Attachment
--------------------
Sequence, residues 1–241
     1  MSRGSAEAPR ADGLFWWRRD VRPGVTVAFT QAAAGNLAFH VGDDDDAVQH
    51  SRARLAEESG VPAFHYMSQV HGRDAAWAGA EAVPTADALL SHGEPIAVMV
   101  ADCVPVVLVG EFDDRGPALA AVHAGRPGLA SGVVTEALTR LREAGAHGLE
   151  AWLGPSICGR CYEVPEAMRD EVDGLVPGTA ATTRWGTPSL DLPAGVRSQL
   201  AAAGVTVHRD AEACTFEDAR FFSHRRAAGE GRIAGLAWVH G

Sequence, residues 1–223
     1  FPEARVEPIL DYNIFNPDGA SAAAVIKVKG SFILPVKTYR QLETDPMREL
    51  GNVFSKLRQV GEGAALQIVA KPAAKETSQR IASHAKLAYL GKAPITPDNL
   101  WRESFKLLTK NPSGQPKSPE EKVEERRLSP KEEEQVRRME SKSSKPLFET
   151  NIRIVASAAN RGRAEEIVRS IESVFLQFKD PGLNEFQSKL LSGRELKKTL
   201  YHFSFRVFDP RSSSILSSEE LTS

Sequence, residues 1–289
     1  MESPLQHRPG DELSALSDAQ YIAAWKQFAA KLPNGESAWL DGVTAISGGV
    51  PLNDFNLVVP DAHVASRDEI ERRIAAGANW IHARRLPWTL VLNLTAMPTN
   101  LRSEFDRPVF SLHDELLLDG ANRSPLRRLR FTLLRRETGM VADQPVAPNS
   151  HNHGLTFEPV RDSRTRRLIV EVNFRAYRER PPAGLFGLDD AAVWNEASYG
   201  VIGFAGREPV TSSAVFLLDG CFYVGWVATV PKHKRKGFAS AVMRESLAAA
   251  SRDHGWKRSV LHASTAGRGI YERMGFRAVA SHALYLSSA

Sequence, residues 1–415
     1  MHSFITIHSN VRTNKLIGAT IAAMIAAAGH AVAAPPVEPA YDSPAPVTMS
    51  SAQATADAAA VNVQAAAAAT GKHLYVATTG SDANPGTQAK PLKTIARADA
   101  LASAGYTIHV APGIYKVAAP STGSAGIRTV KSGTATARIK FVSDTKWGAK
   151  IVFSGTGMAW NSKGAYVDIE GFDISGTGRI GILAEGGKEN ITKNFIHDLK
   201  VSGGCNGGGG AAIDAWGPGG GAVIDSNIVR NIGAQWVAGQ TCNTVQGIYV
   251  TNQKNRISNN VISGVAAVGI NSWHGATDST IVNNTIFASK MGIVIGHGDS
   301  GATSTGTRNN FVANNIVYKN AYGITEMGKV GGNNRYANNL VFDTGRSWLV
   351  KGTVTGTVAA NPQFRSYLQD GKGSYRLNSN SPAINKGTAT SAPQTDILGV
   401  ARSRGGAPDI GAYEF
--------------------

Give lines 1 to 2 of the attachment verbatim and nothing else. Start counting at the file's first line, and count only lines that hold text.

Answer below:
Sequence, residues 1–241
     1  MSRGSAEAPR ADGLFWWRRD VRPGVTVAFT QAAAGNLAFH VGDDDDAVQH